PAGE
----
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Revelations in Audio - Which Are Most Significant To You?

post #1 of 9
Thread Starter 

Just observations trying to stimulate conversation.....

 

 

  1. Reel to Reel and phonograph, headphones
  2. Cassette and 8-track
  3. The Sony "Walkman"
  4. Digital Audio (the CD)
  5. In Ear Monitors
  6. I-Tunes/Digital music online.
  7. Portable amps.
  8. Really Good IEM's  (last 5-7 years progress)

 

I remember back in about 1975 paying in the $200-300 range for a Pioneer cassette tape deck and a Sansui and then a Marantz receiver.  It was audio bliss.  Funny here we are 40 years later and at least the receivers still sound and cost about the same.

 

#3 Was certainly huge.....to be able to "carry music around" with you.  Sound was dreadful but very convenient.  Certainly no revelation in SQ as it was all about portability.

 

#4 Was also huge.  I remember the very first cd I listened to was 1982... Michael Jackson "Thriller".  Jaw dropping SQ period!  No snap crackle or pop.

 

#8 To me is the most astonishing revelation,  yet so few know how good portable sound can be???  It's almost a cult following.  Simply put, the general public doesn't care about SQ.  What they consider "premium sound" stereos in cars is crap these days.  My Bose premium system in my car....is crap.   $10 earbuds is perfectly fine for probably 95-98% of the people.  I don't have the stats at hand but I would venture to say that if you have a pair of IEM's that you paid $100 or more for, you probably have better SQ than 99.5% of the public.  If you spent over $400 (triple, quad drivers, etc) you are probably in an elite category of perhaps better SQ than 99.99% of the public.    YES, maybe 1 in 10,000 people buys a $400 IEM.  Again I don't have the data but think my estimates are reasonable.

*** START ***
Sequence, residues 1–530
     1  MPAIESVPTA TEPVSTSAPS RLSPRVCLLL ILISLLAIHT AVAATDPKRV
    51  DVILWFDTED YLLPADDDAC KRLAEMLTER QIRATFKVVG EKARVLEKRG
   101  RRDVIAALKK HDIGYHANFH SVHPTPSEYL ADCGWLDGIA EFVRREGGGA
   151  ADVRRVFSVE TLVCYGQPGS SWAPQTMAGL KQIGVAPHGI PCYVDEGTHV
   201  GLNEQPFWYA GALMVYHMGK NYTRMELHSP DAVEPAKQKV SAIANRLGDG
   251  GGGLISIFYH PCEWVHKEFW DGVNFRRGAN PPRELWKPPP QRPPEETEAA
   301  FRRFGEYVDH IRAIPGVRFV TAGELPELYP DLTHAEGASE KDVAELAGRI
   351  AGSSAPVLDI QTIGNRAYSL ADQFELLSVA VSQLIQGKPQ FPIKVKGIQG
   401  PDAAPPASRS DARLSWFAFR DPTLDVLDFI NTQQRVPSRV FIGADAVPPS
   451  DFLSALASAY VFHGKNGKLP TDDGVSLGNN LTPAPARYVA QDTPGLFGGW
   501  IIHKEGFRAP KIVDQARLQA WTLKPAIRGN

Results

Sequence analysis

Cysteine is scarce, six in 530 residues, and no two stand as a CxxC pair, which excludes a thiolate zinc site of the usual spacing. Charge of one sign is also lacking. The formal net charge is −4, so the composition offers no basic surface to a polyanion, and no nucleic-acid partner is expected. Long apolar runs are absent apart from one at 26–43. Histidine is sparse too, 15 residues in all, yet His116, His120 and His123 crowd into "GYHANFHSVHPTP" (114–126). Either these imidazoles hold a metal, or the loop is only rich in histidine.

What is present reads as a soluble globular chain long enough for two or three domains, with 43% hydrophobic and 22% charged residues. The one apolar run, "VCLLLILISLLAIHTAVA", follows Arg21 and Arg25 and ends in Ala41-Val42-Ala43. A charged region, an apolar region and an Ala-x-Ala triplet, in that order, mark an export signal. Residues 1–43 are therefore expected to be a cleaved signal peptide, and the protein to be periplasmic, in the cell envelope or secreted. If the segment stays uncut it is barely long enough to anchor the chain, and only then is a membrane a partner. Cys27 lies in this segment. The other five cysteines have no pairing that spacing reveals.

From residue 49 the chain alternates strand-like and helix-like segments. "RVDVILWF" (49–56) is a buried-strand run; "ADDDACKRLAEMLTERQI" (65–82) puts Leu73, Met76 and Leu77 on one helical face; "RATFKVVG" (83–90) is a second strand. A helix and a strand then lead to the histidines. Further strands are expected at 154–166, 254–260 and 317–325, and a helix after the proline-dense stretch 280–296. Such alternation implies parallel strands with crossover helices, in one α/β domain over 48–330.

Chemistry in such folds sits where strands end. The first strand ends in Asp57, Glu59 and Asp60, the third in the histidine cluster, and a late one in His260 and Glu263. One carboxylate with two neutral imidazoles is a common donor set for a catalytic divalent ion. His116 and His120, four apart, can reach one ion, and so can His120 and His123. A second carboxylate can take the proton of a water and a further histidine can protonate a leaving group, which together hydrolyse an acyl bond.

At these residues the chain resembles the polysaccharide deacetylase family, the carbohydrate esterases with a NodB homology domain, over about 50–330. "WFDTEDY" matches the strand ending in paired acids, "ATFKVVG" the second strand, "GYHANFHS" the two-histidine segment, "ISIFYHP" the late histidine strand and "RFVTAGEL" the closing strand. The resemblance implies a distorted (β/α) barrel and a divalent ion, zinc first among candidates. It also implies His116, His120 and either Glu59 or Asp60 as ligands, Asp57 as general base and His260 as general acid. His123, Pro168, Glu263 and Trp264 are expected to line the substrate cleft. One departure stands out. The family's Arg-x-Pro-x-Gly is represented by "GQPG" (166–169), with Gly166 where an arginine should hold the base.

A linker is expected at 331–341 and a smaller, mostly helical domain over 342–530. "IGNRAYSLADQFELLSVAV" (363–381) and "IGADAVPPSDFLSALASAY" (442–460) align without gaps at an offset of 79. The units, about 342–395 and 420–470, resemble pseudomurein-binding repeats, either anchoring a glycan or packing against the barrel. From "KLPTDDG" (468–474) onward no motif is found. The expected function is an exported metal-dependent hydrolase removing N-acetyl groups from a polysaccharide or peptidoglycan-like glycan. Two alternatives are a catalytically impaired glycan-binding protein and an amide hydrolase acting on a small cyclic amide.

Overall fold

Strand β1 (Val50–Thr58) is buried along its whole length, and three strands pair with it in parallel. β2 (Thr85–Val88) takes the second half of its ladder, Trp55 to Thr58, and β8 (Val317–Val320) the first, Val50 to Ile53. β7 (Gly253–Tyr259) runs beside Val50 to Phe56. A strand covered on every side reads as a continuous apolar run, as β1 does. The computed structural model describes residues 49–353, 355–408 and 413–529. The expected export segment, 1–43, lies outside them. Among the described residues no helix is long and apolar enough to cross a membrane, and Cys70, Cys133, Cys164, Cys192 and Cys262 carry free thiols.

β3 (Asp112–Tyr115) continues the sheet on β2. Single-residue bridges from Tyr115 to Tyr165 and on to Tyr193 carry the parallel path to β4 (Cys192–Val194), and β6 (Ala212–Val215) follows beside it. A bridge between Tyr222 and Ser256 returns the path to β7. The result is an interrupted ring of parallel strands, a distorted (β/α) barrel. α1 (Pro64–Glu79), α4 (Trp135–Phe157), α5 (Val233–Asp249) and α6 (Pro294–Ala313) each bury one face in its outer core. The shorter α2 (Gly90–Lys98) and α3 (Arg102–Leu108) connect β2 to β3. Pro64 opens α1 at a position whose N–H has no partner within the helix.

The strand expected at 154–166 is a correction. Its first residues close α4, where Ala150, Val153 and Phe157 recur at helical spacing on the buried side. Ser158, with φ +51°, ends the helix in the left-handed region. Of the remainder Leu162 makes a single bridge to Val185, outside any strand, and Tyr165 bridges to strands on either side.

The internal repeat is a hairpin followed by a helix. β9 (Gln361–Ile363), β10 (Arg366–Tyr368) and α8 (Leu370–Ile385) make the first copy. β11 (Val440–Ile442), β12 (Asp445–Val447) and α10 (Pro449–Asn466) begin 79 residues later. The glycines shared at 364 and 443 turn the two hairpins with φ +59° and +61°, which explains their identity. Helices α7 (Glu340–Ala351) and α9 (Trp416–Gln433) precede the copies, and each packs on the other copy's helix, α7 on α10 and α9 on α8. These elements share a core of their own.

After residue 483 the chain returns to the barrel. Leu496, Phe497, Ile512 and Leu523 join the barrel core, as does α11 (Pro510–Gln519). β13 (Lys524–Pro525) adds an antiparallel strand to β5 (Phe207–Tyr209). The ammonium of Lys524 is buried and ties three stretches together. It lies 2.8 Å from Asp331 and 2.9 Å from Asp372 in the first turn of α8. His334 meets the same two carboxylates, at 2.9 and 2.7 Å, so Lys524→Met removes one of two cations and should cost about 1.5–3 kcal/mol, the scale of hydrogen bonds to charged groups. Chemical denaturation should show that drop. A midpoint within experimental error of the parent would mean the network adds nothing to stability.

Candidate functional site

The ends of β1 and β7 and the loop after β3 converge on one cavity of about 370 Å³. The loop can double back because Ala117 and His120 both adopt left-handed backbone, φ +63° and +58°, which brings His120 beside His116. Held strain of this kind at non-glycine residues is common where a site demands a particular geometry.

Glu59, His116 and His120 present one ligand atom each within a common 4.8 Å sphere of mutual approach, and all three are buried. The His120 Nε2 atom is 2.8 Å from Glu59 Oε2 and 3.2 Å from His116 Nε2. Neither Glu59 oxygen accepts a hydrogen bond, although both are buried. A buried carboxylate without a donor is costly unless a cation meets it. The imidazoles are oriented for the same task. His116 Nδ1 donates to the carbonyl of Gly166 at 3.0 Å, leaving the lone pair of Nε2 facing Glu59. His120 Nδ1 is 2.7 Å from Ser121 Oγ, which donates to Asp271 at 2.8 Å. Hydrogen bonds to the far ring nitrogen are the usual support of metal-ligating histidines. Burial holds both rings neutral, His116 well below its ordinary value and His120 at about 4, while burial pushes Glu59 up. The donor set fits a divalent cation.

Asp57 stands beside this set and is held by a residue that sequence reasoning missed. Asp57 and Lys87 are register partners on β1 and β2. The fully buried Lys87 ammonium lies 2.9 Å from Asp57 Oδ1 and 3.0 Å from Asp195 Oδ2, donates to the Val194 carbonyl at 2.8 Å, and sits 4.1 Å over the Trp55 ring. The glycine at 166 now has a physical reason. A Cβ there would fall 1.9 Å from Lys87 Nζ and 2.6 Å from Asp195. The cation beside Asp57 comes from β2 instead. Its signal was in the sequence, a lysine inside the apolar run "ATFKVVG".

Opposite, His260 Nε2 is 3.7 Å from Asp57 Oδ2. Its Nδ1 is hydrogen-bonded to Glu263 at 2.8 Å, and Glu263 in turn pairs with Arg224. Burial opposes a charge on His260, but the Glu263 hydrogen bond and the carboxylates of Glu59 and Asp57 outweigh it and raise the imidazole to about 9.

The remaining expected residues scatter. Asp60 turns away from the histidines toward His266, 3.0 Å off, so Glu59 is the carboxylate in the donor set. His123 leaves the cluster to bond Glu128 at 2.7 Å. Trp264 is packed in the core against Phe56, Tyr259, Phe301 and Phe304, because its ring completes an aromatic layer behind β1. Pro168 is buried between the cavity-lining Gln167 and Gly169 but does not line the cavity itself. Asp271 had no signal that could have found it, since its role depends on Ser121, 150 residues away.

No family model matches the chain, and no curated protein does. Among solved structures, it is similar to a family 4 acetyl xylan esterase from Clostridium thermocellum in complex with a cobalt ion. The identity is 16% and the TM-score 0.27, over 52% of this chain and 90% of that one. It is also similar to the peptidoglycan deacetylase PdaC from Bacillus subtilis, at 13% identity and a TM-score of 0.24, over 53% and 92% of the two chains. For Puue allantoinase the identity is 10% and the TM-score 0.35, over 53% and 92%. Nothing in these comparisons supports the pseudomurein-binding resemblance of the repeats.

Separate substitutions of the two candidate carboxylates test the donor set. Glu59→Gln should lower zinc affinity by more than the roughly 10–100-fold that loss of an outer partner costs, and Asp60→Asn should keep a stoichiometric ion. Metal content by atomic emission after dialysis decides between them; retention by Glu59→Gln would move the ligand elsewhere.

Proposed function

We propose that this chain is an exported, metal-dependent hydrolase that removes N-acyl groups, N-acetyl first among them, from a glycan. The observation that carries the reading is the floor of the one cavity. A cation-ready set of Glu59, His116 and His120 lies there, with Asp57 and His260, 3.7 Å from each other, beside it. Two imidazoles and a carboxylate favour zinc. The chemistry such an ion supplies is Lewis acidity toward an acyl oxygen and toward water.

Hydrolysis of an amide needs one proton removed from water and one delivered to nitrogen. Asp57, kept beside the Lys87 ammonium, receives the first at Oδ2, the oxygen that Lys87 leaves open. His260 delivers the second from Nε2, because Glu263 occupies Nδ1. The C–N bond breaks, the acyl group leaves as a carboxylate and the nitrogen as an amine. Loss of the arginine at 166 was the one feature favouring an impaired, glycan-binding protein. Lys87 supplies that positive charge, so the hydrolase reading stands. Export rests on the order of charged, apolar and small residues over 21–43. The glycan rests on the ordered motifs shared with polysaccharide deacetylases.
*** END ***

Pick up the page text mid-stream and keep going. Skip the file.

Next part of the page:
#7  As I stare at the list #6 is a pretty amazing product.  Would we all agree that super portable and clean amplificaton is an amazing breakthrough allowing no limits on portability of sound with any type of IEM or headphone?

 

#6  Terrible.  Destroyed brick and mortar record stores.  I see very little "positive" about this one.  Have little else to say on this.  I don't see any advantages over being able to buy hard copies of the product and ripping.


Edited by Spyro - 2/28/14 at 4:13pm
post #2 of 9

Off the top of my head, portable music:

 

1. Li-Ion rechargeable batteries.

2. 2TB 2.5inch HDD with USB.

3. 256gb flash drive.

4. Processors that do all the processing, smaller and cheaper.

5. Software

 

If you can stream your music from the cloud you don't even need all that memory.


Edited by wuwhere - 2/28/14 at 5:33pm
post #3 of 9
Thread Starter 

Oops...Sorry, meant to post this in "Sound Science" section.

 

Moderator....please feel free to move.  Thank you.

post #4 of 9
Quote:
Originally Posted by Spyro View Post
 

Just observations trying to stimulate conversation.....

 

 

  1. Reel to Reel and phonograph, headphones
  2. Cassette and 8-track
  3. The Sony "Walkman"
  4. Digital Audio (the CD)
  5. In Ear Monitors
  6. I-Tunes/Digital music online.
  7. Portable amps.
  8. Really Good IEM's  (last 5-7 years progress)

 

I remember back in about 1975 paying in the $200-300 range for a Pioneer cassette tape deck and a Sansui and then a Marantz receiver.  It was audio bliss.  Funny here we are 40 years later and at least the receivers still sound and cost about the same.

 

#3 Was certainly huge.....to be able to "carry music around" with you.  Sound was dreadful but very convenient.  Certainly no revelation in SQ as it was all about portability.

 

#4 Was also huge.  I remember the very first cd I listened to was 1982... Michael Jackson "Thriller".  Jaw dropping SQ period!  No snap crackle or pop.